With the single sharp stab of a melodic sword through a glaring silence, Hemhora and the Glass Band waste no time pummeling listeners with insatiably angular hooks and grooves the size of tidal waves in “The Last of Them,” the opening salvo in their new extended play Helix Pattern Blues. A distant, robotic vocal stretches out across an urgent beat that is so thinly applied to the girth of the harmony between the instruments that it becomes translucent. Synchronized movements give way to a gargantuan sonic assault, and in the ash heap left behind is a bucolic acoustic guitar that is welcoming us to the safe, inviting arms of “World On Its Neck.” At this point, any notion that this record was only going to hint at what Hemhora and the Glass Band’s evocative sound would be made of is dashed on the spot.
“World On Its Neck” is quiet and simplistic in comparison to the first track, but it’s guided by a stoic lyrical narrative that is as spellbinding as a vintage beat poem. The words meld into the strips of musical opulence layering upon one another in the foreground, and before we have a chance to appreciate their multifaceted details we’re dropped head first into the acidic post-jazz workout of “BMX.” This song spins us around and struts with a spidery bass that is much heavier than the vocals or even the percussion are from the moment we begin to the second that the band ceases to play, but it’s careful not to steal all the attention away from the smoky, augmented vocals and abstract sampling.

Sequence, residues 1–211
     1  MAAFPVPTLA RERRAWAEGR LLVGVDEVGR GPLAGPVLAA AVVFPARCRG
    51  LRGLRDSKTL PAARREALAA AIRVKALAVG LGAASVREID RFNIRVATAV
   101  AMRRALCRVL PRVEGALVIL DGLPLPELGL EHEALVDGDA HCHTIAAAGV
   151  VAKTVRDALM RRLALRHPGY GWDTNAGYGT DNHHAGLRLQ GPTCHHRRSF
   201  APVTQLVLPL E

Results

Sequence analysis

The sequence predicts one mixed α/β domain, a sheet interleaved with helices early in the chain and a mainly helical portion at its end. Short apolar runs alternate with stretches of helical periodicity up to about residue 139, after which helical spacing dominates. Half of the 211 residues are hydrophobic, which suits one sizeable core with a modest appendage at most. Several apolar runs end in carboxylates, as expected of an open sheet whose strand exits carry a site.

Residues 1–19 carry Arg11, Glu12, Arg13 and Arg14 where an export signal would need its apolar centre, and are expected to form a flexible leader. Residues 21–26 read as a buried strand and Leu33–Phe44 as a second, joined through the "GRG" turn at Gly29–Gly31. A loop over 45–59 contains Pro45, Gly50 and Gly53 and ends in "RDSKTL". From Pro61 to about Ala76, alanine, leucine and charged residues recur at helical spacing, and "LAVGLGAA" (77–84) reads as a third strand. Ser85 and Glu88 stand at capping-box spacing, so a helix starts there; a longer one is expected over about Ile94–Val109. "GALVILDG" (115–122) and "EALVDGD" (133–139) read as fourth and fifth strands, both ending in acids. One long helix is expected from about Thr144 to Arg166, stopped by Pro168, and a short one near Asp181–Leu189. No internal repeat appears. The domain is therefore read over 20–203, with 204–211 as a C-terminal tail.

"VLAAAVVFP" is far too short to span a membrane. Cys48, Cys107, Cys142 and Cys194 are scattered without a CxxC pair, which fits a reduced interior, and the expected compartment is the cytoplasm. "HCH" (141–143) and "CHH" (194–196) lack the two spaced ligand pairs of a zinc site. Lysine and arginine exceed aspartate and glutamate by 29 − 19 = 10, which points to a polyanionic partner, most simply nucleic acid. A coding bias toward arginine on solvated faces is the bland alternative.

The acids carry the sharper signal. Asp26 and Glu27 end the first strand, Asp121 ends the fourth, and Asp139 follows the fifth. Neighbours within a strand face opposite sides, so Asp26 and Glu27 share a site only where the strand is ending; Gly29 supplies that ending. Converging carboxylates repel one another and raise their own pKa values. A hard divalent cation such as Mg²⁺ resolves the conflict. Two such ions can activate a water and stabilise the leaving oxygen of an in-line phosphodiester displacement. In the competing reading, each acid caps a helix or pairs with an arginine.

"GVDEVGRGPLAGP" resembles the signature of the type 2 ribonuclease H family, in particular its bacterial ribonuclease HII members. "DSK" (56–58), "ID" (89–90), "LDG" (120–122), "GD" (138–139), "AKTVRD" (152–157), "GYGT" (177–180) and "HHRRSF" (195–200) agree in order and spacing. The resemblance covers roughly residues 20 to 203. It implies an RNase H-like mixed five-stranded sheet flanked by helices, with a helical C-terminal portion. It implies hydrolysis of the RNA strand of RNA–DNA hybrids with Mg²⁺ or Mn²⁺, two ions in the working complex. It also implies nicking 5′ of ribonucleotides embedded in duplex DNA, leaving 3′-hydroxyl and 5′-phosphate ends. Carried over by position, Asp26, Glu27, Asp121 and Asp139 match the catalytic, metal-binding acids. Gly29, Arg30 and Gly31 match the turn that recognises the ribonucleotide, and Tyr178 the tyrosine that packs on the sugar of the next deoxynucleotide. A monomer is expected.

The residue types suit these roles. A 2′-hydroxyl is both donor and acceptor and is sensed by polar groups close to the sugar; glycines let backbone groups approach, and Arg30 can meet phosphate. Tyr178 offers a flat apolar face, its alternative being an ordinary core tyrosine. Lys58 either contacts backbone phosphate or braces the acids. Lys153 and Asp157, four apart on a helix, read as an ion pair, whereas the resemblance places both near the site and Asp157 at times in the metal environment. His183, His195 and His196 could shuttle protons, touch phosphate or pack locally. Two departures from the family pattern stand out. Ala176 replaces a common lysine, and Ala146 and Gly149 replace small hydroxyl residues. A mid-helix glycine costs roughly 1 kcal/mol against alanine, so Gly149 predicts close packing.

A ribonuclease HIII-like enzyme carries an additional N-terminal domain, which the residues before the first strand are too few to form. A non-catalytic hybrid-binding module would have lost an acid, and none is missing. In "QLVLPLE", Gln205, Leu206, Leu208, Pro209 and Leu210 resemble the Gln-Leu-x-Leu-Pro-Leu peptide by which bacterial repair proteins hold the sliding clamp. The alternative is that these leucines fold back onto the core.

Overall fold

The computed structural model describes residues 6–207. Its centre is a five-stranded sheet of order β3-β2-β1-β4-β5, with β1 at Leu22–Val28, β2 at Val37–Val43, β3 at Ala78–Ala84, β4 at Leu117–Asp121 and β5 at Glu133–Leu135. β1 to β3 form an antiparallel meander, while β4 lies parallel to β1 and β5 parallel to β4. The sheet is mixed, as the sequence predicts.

A Mission of Burma-esque intro saturates the first couple of bars in “The Drive/The Wreck” in electrified vitality that many would consider a direct nod to iconic late 80’s alternative rock. The vocals in this song are in a vacuum that seems to pull us backwards amidst the lumbering blossom of the track’s central melody. It’s easy to become hypnotized by the effervescent string parts here, but once we get into the acoustic grit of “Boxes (Vices)” it becomes clear that Hemhora and the Glass Band have only begun to utilize the weapons they’ve got readily available to them in the studio. This EP lays the groundwork, but their debut album will undoubtedly bring all of these organic ingredients into full maturation.
The obtuse “Boxes (Vices)” sets up the stage for Helix Pattern Blues’ fever pitch closing pop rocker “Stage Dive,” which despite having a handle that triggers memories of raucous out of control concerts in many of us isn’t quite as reckless nor unhinged in its expression of passionate emotion. Hemhora and the Glass Band give us a peek into their creative ethos with this incredibly robust and well-rounded extended play that some would rightfully call the breakthrough release of autumn 2018. As experimental and wildly original as this is, it’s more than relatable to the vast majority of indie fans who have been desperate for some new jams that draw from a well other than that of The Velvet Underground, and what it lacks in corporate predictableness it more than makes up for in intrepid, forward thinking melodicism that transcends barriers between genres and even tastes.